By Peter Ziese
As the fight against COVID-19 presses on, patient safety remains a key focus in healthcare conversations around the world. In March 2020, the pandemic forced healthcare providers to quickly pivot existing care strategies and infection control protocols to address the influx of COVID-19 patients they were seeing, while also mitigating the spread of the coronavirus and continuing to provide acute care for non-COVID-19 patients.
As we move forward, reflecting on which patient safety tactics were most impactful across the last several months will not only help in our societal efforts to continue managing the virus and keeping patients safe, but also ensure we’re supporting our frontline workers in every way possible, both during this crisis and beyond. And to effectively address patient safety, we must look past the four walls of the hospital to consider how we are able to keep patients safe at home.
Ramping up in-hospital preparedness and safety
One of the biggest challenges at the beginning of COVID-19 was hospitals’ inability to scale up operations quickly enough to handle patient surges with constrained space, time, and resources. The industry was clearly not prepared to manage a health crisis of this magnitude. While this pandemic was unprecedented in our modern history of care, we must face the truth that we will confront other epidemics or health crises in our lifetimes, so we cannot ignore the lessons of the past year. In the future, having local stockpiles of PPE, monitors, and other medical supplies on demand will be essential to avoid repeating the struggle we faced during this pandemic. There is also a need for quickly scalable critical care solutions, as sourcing and configuring pieces of high-demand medical equipment when a surge hits is not efficient. To solve this challenge, more healthcare organizations will develop partnerships to enable ICU ramp-ups and help staff utilize hospital resources as economically as possible. Examples of such partnerships include kits that are easy to implement and help expand ICU equipment, and services that manage stockpiles so that tools and resources are ready to go when needed.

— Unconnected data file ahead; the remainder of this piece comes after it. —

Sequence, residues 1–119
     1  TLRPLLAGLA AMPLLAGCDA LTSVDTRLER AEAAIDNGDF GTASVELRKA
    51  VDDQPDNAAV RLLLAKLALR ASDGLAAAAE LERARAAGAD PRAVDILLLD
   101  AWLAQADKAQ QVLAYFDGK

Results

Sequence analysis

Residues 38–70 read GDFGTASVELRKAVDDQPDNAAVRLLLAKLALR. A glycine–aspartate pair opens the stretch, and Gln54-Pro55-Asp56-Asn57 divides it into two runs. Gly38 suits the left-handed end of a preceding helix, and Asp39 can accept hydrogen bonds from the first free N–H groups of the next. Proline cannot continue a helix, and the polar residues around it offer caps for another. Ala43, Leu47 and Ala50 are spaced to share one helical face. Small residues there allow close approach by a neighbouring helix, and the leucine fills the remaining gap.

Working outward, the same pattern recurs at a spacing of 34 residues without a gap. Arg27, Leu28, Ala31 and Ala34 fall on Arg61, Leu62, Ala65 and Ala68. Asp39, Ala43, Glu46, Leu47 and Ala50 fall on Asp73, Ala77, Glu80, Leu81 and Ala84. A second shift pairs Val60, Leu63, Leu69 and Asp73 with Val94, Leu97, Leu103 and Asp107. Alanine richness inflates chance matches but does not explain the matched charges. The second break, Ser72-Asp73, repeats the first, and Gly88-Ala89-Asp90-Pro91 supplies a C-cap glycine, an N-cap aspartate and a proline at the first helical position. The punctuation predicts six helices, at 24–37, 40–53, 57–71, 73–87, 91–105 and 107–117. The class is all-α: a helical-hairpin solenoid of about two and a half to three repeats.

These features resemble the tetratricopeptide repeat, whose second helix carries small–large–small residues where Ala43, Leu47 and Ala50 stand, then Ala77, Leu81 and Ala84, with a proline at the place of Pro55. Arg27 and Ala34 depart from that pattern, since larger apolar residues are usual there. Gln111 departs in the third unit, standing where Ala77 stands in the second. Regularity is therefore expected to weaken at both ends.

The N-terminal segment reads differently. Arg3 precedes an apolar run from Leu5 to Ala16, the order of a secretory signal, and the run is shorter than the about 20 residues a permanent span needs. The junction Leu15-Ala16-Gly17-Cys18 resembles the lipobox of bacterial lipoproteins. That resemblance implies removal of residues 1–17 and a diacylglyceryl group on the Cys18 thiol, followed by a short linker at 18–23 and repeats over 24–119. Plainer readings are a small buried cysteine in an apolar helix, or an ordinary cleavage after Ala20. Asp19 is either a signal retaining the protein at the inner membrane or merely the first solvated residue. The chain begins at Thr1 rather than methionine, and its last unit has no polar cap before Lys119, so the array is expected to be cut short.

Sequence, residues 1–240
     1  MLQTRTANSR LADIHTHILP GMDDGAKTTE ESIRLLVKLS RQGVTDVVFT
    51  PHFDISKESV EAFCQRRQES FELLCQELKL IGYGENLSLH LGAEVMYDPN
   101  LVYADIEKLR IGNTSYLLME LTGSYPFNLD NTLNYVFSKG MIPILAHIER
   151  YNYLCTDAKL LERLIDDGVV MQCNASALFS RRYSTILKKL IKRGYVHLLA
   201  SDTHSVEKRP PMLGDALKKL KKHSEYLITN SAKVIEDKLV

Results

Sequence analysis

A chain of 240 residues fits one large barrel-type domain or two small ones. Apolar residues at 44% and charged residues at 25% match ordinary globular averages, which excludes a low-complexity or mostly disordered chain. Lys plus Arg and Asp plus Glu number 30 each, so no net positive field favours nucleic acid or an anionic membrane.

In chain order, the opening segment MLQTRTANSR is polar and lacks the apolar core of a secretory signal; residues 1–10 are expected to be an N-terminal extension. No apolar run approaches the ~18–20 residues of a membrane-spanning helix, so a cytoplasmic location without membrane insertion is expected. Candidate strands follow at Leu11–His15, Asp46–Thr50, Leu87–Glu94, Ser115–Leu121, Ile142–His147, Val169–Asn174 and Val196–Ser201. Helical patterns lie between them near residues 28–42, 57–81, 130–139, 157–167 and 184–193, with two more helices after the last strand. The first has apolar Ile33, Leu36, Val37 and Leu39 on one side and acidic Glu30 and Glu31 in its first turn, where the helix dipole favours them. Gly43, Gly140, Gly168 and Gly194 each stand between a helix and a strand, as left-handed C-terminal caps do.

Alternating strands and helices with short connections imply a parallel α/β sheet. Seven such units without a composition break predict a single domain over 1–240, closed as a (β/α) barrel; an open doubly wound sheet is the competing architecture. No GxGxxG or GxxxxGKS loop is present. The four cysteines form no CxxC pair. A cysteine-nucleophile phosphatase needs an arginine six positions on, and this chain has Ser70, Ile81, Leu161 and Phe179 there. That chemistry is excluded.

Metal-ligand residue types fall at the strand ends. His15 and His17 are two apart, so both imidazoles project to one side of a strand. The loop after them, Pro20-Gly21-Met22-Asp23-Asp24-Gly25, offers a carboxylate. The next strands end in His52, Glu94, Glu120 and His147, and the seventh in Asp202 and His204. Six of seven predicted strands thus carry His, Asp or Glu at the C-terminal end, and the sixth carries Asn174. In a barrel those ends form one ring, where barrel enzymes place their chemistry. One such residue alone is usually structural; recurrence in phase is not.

Beyond preparedness, while virtual care offerings have helped keep patients out of the hospital during the pandemic when possible, in-person care is still essential in many situations, and it is important that patients feel confident and safe when seeking it. Hospitals have revitalized their infection control protocols, decreasing touchpoints during patient care where possible or enacting disinfection procedures. Technology utilizing AI and predictive algorithms can also help doctors quickly identify who are the sickest patients and who can wait to receive care, and know how to triage—or isolate—these groups accordingly. While the current efforts to maintain physical separation and infection control communication are essential to mitigating the spread of the coronavirus, these best practices will continue long past the pandemic to help maintain safety for patients and clinicians.